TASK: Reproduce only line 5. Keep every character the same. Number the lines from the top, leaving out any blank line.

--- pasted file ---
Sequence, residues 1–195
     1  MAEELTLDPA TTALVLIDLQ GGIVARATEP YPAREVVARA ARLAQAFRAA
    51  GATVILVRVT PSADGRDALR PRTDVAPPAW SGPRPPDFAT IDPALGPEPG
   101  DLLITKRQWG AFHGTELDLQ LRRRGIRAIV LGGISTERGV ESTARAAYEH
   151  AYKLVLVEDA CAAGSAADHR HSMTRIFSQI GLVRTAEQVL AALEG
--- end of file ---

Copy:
   151  AYKLVLVEDA CAAGSAADHR HSMTRIFSQI GLVRTAEQVL AALEG